According to the U.S. Small Business administration, “Two thirds of the world’s purchasing power is in foreign countries.” On average, U.S. exporters grow faster than non-exporting businesses. Exporting can help small businesses diversify and become less reliant on the U.S. economy or income from any single region. However, there are some risks involved like sudden increases in tariffs during a trade war or countries copying your product to sell locally.
What is exporting?
Exports are goods and services produced in one country and then sold to a buyer in another country. Exporting is an easy way to access the buying power of international markets. Exporting is an excellent way to create a sustainable business model.
When should I consider exporting?
Looking to grow your small business and develop a diverse source of income? Exporting may be a good choice. U.S. made products are typically of higher quality than products made elsewhere. If your product is in high demand, the sooner you begin exporting the better. Consider the following:
- The U.S. exports nearly two-trillion dollars’ worth of goods and services annually.
- Ninety-five percent of the world’s consumers are located outside the U.S.
- With today’s technology, access to exporting can be easy. E-commerce through the internet, improvements in logistics, free trade agreements with twenty countries and a slew of government export assistance makes exporting achievable for small businesses.
- Exporting can be profitable. On average companies that export make more than their non-exporting competitors. Sales grow faster, and companies that export tend to see less economic fluctuations or seasonal selling as their business cycles smooth out.
- Companies that export become more valuable should selling the business be a consideration.
- Companies that export are more likely to stay in business.
Which businesses are best for exporting?
Some of the top exported items are agriculture, clothing and textiles, beauty products, meat and seafood, machinery, chemical products, and petroleum products. It has been proven time and again, that US exports are popular world-wide. If your product has even a moderate interest in the US, chances are it will sell world-wide as well.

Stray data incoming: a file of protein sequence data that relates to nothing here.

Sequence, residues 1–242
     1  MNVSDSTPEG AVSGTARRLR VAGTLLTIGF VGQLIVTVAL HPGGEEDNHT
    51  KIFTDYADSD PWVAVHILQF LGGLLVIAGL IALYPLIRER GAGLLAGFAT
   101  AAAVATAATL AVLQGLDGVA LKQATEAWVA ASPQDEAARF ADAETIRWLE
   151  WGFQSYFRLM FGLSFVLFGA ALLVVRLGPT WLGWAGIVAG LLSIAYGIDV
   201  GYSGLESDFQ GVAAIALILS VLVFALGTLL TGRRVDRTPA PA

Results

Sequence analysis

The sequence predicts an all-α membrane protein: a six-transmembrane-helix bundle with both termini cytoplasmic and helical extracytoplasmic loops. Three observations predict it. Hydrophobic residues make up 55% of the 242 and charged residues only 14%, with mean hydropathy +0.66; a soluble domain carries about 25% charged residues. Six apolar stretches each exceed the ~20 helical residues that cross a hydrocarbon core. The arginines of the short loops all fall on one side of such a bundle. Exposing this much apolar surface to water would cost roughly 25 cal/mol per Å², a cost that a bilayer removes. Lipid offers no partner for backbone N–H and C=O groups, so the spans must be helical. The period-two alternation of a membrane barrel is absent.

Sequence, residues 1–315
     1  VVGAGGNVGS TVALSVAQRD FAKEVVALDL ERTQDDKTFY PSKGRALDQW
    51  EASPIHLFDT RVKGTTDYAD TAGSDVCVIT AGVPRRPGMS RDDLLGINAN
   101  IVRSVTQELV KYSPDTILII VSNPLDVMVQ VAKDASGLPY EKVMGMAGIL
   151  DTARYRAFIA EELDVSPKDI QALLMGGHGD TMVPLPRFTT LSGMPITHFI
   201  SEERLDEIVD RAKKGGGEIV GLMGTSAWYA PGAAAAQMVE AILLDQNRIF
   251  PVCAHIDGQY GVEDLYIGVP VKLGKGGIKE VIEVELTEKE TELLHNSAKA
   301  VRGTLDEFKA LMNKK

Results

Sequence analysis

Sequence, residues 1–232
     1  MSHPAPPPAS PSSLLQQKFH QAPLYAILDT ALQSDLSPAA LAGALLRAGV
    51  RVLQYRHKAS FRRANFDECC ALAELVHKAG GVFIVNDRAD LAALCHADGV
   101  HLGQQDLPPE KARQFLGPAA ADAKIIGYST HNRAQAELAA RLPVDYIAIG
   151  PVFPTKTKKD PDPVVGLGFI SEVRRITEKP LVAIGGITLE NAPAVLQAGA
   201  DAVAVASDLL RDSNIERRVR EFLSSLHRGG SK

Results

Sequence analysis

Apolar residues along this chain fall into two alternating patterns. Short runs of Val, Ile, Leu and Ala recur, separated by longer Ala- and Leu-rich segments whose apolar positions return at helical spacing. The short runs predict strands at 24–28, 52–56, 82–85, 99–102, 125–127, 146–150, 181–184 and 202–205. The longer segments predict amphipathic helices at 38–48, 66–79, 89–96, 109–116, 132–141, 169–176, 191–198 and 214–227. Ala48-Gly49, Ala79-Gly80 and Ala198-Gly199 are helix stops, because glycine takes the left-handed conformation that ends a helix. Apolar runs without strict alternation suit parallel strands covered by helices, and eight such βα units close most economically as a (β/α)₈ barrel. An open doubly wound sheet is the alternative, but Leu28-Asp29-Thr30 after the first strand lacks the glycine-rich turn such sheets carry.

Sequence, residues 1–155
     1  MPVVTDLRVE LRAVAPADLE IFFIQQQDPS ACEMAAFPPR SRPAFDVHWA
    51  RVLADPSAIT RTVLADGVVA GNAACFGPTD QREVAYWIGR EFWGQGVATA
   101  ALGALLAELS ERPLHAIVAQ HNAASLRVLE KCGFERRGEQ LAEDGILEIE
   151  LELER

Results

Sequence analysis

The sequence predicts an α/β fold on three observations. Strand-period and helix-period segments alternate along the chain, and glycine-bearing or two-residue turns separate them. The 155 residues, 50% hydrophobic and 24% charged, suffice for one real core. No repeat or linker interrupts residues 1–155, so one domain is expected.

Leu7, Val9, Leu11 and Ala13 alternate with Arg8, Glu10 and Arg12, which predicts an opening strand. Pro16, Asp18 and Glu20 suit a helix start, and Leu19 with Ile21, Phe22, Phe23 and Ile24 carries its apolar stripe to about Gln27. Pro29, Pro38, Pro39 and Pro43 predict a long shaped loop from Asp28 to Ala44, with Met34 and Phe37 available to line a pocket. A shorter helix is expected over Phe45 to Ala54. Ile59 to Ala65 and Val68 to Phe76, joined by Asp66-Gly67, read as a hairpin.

What are examples of exports?
Ben and Shelby Stilltender make a superb sour mash bourbon. With a recipe passed down since the days when Ben’s grandfather first began making moonshine, the liquor is prized by fine restaurants and retailers across the country. A few years back, a diplomat from Spain discovered the drink during a visit to the U.S. Upon his return, he contacted the Stilltenders and arranged to buy a case of bourbon to be shipped to his home in Barcelona. Never having done this before, Ben and Shelby contacted an export management company or EMC to take care of all necessary paperwork and arrange shipping. Additionally, the EMC sourced out a distributor in Spain and the Stilltender’s one-time order turned into full time exporting. Seeing their profits soar, they began exporting the bourbon to eight different countries.
Other examples of exporting are wheat farmed in the U.S. and then sold to China. Jet engines produced by the Boeing company and sold to buyers around the world.
How do I export my business’ products?
The Small Business Association (SBA) can help you get started with exporting products and services. They can also offer loans and working capital if necessary. Paris SBDC is also here to help, check out our resources section on exporting for the following:
- Benefits of exporting
- Beginner’s guide to exporting
- Get counseling and training
- Find international buyers
- Export finance programs
- Additional trade resources
Export Management Companies (EMC) are a resource as well. They typically charge a fee or collect a percentage of the exported item.
The government has a list of programs designed to bridge new markets and help small businesses find international buyers.
Before choosing to export a product or service, read through the government’s export regulations at the US Export Regulations Website. This may help you determine if you have a suitable item for export as well as offer guidance on how best to start exporting. There you will also find information on licensing, tariffs and more.
Another resource to help you get started is the International Trade Administration.
For additional information or resources on how to export goods in your small business, or on how to grow your exporting business, please contact us at the Small Business Development Center – SBDC – Serving Paris area: Lamar, Hunt, Hopkins, Delta, and Red River counties.